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Norman Lockhart

Name: Norman H. Lockhart
Born: 4 March 1924, Belfast
Died: 19 August 1993, Belfast
Height: 5.06½ ft

Weight: 10.04 st
Position: Outside-Left

Representative Honours: Ireland: 8 Full Caps / 3 Goals (1946-1956); Irish FA Representative (Canada, 1953).
Club Honours: (with Linfield) Northern Regional League Champion 1944/45, 1945/46; Irish Cup Winner 1944/45, 1945/46, Runner-Up 1943/44.

Club Career:
FA Cup
Windsor Star
Swansea Town
Coventry City
Aston Villa
41/ 6

"A superb outside-left with the ability to coss on the run with accuracy, and also score his fair share of goals", Norman Lockhart found the net twice on his Ireland debut in 1946. He then found himself dropped in favour of Southern-born players, Tommy Eglington and Jack O’Driscoll (who also took Lockhart’s place in the Swansea team). Consequently, he had to wait three and a half years for a second cap!

Belfast-born, Lockhart began his football career as a youth with Windsor Star, then played briefly with Distillery, before finding success with Linfield, for whom he signed for £225 in April 1944, in the “War-Time” Northern Regional League. He played in three Irish Cup Finals, scoring in the 1945 4-2 victory over Glentoran. It was also while a Linfield player that Lockhart won the first of eight caps for Ireland, playing on the right-wing in the first proper post-war Home Nations match.

Transferred to Swansea Town in October 1946 for £2,500, Lockhart suffered the disappointment of relegation to Division Three (South) in his first season (the League’s first post-war), before moving back to Division Two with Coventry City in October 1947 for a fee of £7,000. Despite a broken ankle, he really shone in a five year spell at Highfield Road, regaining his place in an Ireland team now forced to do without their Southern players.

Although Coventry were relegated from Division Two themselves in 1952, Lockhart had done enough to impress First Division Aston Villa who splashed £15,500 on his signature in September 1952. A fast raiding winger, capable of strong crossing on the run, at Villa Park Lockhart linked up again with former Linfield colleague, Dave Walsh, a player who was regularly on the end of the outside-left’s centres. As his pace started to fade in the mid-1950s, Lockhart lost his place on the left for both club and country to Peter McParland, though he found a new role at Villa, filling in on the opposite flank.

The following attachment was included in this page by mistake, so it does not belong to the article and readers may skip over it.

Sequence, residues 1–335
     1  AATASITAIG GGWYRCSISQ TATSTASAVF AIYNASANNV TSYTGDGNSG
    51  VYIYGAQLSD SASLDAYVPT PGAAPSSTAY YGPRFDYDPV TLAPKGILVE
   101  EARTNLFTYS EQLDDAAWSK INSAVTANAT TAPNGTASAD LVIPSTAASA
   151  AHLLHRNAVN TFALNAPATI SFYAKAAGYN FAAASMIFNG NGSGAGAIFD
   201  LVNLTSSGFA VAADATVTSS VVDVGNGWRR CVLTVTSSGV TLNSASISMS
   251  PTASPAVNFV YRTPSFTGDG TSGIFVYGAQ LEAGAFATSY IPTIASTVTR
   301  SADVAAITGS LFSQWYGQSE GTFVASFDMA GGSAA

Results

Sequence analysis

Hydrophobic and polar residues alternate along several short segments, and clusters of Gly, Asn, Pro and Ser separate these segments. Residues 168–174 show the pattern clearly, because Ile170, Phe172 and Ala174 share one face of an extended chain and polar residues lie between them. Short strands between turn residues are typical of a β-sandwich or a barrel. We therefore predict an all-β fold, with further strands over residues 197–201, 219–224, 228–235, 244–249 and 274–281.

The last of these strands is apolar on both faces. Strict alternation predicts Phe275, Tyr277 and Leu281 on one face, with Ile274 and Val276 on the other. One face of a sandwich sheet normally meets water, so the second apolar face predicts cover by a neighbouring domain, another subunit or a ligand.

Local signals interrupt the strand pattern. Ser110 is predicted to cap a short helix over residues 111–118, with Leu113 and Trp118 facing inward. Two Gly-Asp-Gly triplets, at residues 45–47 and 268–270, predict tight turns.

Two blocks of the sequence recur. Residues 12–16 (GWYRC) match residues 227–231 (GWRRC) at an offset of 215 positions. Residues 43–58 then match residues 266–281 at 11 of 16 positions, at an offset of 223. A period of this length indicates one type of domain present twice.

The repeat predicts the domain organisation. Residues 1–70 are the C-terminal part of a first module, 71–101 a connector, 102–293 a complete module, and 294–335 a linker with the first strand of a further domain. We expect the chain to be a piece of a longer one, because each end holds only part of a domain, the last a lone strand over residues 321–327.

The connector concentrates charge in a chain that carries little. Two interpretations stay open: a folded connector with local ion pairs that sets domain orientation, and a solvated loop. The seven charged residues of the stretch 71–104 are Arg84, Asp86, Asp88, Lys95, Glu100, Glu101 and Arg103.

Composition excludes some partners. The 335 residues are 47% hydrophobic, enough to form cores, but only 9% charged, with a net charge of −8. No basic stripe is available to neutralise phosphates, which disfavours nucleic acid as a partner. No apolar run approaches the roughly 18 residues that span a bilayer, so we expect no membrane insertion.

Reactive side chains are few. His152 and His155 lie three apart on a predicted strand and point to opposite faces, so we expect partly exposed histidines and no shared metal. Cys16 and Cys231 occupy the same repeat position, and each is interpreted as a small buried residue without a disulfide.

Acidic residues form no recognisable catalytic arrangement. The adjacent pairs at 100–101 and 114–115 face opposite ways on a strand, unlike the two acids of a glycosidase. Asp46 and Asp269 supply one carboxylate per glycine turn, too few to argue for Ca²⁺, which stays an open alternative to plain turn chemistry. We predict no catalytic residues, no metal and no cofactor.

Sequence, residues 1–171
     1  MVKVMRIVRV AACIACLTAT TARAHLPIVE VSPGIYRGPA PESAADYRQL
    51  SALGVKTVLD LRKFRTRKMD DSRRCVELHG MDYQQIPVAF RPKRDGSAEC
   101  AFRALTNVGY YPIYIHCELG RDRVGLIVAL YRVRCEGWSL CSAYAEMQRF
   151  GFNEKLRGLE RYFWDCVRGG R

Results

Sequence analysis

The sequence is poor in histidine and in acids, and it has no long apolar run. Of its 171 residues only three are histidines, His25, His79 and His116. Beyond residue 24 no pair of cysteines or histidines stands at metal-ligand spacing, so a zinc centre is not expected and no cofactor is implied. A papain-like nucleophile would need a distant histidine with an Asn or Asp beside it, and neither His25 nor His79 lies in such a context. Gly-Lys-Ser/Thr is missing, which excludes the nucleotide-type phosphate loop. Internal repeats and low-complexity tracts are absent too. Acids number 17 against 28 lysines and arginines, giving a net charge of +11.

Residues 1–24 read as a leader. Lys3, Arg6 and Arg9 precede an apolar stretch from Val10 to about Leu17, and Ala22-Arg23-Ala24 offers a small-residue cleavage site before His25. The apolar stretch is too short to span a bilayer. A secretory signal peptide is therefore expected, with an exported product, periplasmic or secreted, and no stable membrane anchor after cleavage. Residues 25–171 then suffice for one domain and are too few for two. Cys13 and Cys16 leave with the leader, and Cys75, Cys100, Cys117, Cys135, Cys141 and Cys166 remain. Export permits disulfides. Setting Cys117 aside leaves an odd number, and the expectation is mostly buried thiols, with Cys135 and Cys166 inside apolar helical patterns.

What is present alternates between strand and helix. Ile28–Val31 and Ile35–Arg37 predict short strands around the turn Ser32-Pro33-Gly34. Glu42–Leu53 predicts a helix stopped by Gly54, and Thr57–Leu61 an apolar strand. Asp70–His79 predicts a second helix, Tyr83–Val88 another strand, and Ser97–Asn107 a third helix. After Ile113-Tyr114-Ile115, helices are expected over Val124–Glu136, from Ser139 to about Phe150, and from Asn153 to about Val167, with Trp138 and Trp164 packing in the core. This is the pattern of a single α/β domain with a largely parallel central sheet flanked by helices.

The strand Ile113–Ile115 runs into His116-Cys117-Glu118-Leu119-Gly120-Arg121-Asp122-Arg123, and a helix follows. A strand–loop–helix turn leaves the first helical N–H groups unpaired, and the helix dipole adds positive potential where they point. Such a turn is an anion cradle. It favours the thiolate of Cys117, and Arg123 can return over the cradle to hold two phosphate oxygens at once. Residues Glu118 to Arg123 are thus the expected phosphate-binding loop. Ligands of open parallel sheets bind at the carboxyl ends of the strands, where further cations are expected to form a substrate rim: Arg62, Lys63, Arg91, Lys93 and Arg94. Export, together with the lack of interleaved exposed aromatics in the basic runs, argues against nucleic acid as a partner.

Allowed to leave Villa Park in November 1956, Bury paid in the region of £2,000 for the aging Lockhart. A regular in the left-wing for almost two seasons, and also a reliable goal scorer, Lockhart could do little to prevent Bury’s relegation to Division Three (North) in 1957, and come the end of the following campaign, now aged 34, he was released. He returned to Northern Ireland, and replaced the transferred Billy Humphries for the away leg of Ards’ European Cup clash with Stade de Reims in Paris – the French side triumphing 6-2 to make the aggregate score 10-3.
Sporting Mirror 13 January 1950

Ireland Cap Details:
28-09-1946 England. H L 2-7 BC.... 2 Goals
08-03-1950 Wales... A D 0-0 WCQ/BC
07-03-1951 Wales... H L 1-2 BC
19-03-1952 Wales... A L 0-3 BC
03-10-1953 Scotland H L 1-3 WCQ/BC 1 Goal
11-11-1953 England. A L 1-3 WCQ/BC
20-04-1955 Wales... H L 2-3 BC
11-04-1956 Wales... A D 1-1 BC

Summary: 8/3. Won 0, Drew 2, Lost 6.


Anonymous said…
this is my grandad he died 2 months after i was born! he rocks!!luff yoo grandad x x x
jcd said…
Indeed Catherine, you should be very proud of your grandad.

It would be great to hear any tales your family may have to tell.
Anonymous said…
This is also my grandfather. I had the good fortune of habving 18 years with him. He was my hero as a boy and I remember with great fondness him playing football with me out the back of our house. I would practice tricks all week to impress him opnly for him to a) do them better! and b) only let me kick with my left foot! He always said this was his proudest skill - his two-footedness. He was frequently appalled by the inability of very highly paid professionals to use both feet.
I remember him giving me a Northern Irekland football top one christmas when I was 10 - it became my second skin. 14 years after his death and I'm still proud of him!

Hi Catherine! Hope you are well!
Anonymous said…